Josh Wolk's Pop Culture Club talks 'White Collar': Was it fun crime or punishment?
Welcome to the Pop Culture Club, where every week we watch an “assignment” and then report back to discuss it. This week it was the new USA crime show White Collar, otherwise known as Catch Me if You Can for 48 Hrs. The concept: Dogged FBI agent Peter Burke releases his prize arrest – supersuave supercriminal Neil Caffrey – from jail to help the Fed track down other criminals. And here’s where things zig when you think they’re gonna zag: These guys are really different!
Caffrey was played by Matt Bomer, who looks like a male model version of Tom Everett Scott, while Burke was played by Tim DeKay. For years DeKay was one of “those guys,” an actor who popped up in every show and when you saw him you’d say, “Oh, it’s that guy!” but never knew his name. But he finally made an indelible impression on me as a frustrated suburban dad desperate to be a good guy in HBO’s engrossing sex-therapy show Tell Me You Love Me. His acting was great in it, but perhaps his memorability came from the fact that in the show he was often caught masturbating. Hear that, Dylan McDermott and Dermot Mulroney? People wouldn’t have gotten you two so confused ten years ago if only one of you had taken a role in which you played with yourself.
DeKay elevated this show for me in the way he avoided the crusty-cop stereotypes, and he was the real draw. But while I found the White Collar pilot intermittently charming, I wasn’t instantly hooked. First of all, the odd couple lawman/criminal pairing felt tired to me. I know, Burke will constantly be playing by the rules, while the loosey-goosey Caffrey will gradually show him how to loosen his tie. Sigh. You know what would be interesting? Showing two people who are completely dissimilar and learn nothing from each other, but rather just cement their mutual resentment. I’m not saying it would be pleasant, but at least it would be different. Not to mention more realistic.
And then there were the easy plot shortcuts. Look, we’ve had this discussion before, but once again I was left thinking, “I am willing to suspend my disbelief as long as you don’t take advantage of it.” And by the end of the show, I was feeling taken advantage of. Need an example? Okay, what about having Diahann Carroll’s wealthy widow randomly show up to donate expensive vintage clothing mere seconds after Caffrey complained that he had nothing to wear? I was waiting for him to mention he was hungry, only to have a car speed by and throw a doughnut in his mouth. His character is meant to be charmingly persuasive, but it looked like Carroll’s patroness character was doing all the heavy lifting, he just stood there and accepted her largesse.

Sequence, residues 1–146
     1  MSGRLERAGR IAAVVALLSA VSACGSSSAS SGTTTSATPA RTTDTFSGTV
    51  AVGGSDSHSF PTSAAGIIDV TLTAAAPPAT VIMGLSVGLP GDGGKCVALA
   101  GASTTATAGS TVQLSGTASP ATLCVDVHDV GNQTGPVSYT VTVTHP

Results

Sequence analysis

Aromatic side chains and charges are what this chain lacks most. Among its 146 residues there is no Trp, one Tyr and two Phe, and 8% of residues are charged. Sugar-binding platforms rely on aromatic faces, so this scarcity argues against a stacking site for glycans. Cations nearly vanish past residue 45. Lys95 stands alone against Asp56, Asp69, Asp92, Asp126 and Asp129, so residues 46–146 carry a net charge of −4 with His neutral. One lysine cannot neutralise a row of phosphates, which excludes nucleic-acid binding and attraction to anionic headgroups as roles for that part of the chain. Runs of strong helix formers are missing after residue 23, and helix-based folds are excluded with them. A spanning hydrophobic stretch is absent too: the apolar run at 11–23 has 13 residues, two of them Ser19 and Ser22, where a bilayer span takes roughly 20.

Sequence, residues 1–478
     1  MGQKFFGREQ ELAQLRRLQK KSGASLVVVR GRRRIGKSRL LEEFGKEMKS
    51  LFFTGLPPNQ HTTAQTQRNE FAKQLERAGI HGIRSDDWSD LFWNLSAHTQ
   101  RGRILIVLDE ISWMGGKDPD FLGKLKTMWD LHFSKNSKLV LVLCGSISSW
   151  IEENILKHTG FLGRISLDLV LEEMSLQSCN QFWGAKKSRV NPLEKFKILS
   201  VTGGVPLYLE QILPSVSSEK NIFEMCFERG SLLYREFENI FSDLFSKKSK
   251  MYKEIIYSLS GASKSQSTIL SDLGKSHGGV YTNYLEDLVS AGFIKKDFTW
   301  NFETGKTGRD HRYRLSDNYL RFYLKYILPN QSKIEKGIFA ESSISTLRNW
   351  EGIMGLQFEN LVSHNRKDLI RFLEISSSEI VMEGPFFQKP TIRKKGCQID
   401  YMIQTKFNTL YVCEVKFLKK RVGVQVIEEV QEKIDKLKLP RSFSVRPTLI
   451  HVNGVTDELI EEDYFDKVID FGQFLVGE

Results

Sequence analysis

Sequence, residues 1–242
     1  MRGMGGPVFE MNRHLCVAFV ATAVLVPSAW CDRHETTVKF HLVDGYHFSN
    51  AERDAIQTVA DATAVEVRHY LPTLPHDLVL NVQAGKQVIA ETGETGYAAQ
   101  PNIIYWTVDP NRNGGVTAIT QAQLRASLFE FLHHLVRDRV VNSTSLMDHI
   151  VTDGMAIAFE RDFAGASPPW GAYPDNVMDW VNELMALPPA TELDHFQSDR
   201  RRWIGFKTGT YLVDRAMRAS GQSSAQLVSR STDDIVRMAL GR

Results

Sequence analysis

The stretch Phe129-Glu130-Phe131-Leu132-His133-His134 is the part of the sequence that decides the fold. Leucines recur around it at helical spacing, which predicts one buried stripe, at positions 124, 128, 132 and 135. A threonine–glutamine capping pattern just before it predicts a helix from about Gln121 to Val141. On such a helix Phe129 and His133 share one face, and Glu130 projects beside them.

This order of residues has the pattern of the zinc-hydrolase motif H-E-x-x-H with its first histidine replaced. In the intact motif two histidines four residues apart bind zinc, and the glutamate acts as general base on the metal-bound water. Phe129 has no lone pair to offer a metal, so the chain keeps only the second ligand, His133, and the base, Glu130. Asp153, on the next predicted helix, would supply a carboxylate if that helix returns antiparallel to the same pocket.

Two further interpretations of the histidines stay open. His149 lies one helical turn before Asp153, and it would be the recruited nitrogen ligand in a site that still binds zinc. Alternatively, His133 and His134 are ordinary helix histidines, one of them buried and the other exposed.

Some other moments that frustrated me as too easy: Early on, Caffrey shocked his coworkers with his superhuman observation skills when he guessed Caffrey’s feelings just by watching him in a prison meeting room surveillance tape without sound. My oh my, however did he figure out that Caffrey’s true love was leaving him, only by watching him press his hand against the glass, have it be ignored, and then silently yell for the woman as she walks away? Move over, Mentalist! What next, will he watch a Keystone Kop reel and deduce that these Kops are not effective lawmen?
And now that I’m gathering steam, what about the climax, in which Caffrey indirectly gave Burke permission to break into the forger’s lair by pretending to be a fugitive hiding there? Wouldn’t the forger’s lawyer be able to easily prove on the stand that since Burke never arrested Caffrey, it was clearly a set-up? And if for some reason this was a legally valid trick, Burke would never have to get another search warrant again. Any time he needed to paw through someone’s stuff, he could just throw Caffrey through the window and say, “Whoops, gotta go get my escaped convict. And now that I’m here: Hello, desk drawers!”
Look, maybe I’m nitpicking, but as I’ve said before, if writing is sloppy enough to take me out of the story, then that’s not my problem, it’s the script’s. I think the breezy White Collar has potential if they’d make the plots a bit more complicated. And I like that the new partners are equally matched in intelligence. At first I worried that they’d set up Burke as a brilliant cop, only to have him suddenly be rendered comparatively dopey by a debonair criminal who can identify the source of a dead artist’s paint just by the smell of a museum curator’s flatulence. But no, it’s a good balance.
So what did you think? Am I being too rough on the show? Do you think you’ll keep watching it? What do you think of Matt Bomer: Do you buy him as the slick criminal? And what about Willie Garson? He was another “that guy” for me for years, usually playing some order of nebbish, so when I first saw him on Sex and the City as the flamboyant Stanford, I didn’t buy him in the role. And yet now, years later, seeing him as a shadowy con man…I can only think of him as Stanford.
Before we discuss, here’s next week’s assignment: Maybe it’s all that talk about Tim DeKay’s chicken choking, but it’s got me in the mood to watch the premiere of the new VH1 series Sex Rehab with Dr. Drew. Wait, where are you going, come back! Trust me on this one: I was addicted to all of his Celebrity Rehabs and Sober House, but not for the reasons you’d think. Well, I went into them for the reasons you’d think: Ha ha, look at the bottomed-out C-lister! But the (mostly) frank and unblinking look at just how their lives went awry was tragically riveting. Not sure if the same will hold true for sex addicts, but let’s find out! It premieres this Sunday at 10 p.m. on VH1. (CBS sports can’t possibly so late that a delayed Amazing Race will bump into it.)
Okay, and now to White Collar…
PHOTO CREDIT: David Giesbrecht/USA